There were days when, still choosing to remain in her bed, she could sit up and eat a little something.  Eventually, when enough time had passed since the last dose of chemo, she’d manage to walk into her family room and spend some time on the couch, I mean lying down on the couch, a huge victory for her.  It was a victory shared with her family, since the children were always happy to see her out of the bedroom.  They were always allowed entry to her bedroom, though; never did she want her children kept from her, but the sight of their mommy on the sofa,  even if lying down, was a boost for them allowing them to feel a sense of normalcy, if only for a short bit of time.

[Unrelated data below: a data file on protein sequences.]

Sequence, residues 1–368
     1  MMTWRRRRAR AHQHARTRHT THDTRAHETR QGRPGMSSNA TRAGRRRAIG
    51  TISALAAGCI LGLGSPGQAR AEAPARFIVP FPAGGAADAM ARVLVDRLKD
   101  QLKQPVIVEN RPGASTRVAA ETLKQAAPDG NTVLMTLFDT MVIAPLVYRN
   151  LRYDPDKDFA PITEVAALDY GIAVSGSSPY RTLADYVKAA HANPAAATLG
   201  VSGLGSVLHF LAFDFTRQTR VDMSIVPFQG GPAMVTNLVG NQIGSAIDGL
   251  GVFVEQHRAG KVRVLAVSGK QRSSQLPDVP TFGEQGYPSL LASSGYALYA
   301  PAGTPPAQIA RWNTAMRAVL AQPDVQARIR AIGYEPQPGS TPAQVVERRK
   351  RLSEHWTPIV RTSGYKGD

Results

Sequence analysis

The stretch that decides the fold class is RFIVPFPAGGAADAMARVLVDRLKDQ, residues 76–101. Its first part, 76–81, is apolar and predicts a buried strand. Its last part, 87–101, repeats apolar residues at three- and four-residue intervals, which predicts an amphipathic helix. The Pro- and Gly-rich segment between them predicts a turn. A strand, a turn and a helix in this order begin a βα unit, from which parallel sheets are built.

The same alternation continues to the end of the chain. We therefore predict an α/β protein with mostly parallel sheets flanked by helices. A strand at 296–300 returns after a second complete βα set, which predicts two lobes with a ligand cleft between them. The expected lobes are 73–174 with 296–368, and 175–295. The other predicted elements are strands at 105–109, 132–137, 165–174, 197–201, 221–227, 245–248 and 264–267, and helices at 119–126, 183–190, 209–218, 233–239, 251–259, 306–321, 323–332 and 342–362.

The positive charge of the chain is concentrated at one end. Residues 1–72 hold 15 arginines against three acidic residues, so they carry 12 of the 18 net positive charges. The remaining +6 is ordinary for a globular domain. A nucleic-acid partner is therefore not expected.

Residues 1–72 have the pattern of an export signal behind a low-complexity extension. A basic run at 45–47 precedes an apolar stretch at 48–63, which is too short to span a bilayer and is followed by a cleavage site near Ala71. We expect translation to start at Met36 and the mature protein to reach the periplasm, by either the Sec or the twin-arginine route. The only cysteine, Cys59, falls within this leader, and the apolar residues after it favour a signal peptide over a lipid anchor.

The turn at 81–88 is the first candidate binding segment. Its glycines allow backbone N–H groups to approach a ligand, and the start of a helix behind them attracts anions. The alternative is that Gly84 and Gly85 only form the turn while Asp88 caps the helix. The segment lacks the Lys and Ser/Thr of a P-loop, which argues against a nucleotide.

She and her family moved to Katy, TX to be near MD Anderson in Houston,  Blessedly, my husband and I are only a bit over two hours away from the hospital, more from her home, but I was to travel that route constantly during her treatment, more accurately  named her battle, and to care for her three children while she endured what she had no choice not to endure.  Her husband took a new job for the move to Katy, and so he wasn’t free to go in late or come home early.  I dropped my precious, young grandchildren off at school in the mornings, picked them up in the afternoons, and even helped with their elementary school homework.  The youngest, three years old when his mother was diagnosed, turned four during the worst of it, grew into a master at entertaining himself in his solitude while his sisters were at school, dad at work, and I preoccupied with his mother.  No matter how I tried to give him attention during the day, and I did, I would be pulled back into the snare of the cancer.  Cancer is a trap from which there is no escape hatch.  The only way to beat it is to endure the torture of it, the treatment for it.  It’s not simply an illness.  While my daughter endured the torture, and she did like a champion, we – her family – tried to avoid thinking of her mortality.  I know now how afraid she was, although all she would show me then was a brave face. Not true – she did let me see her vulnerability and raw fear a couple of times, but only because she couldn’t push it down.  She never wanted any of us to see it.  I know now some thoughts she wouldn’t share with me then.  She will reach her five-year mark in August of this year, so when that day comes, maybe it will be a happy year then.  I know we’ll celebrate it.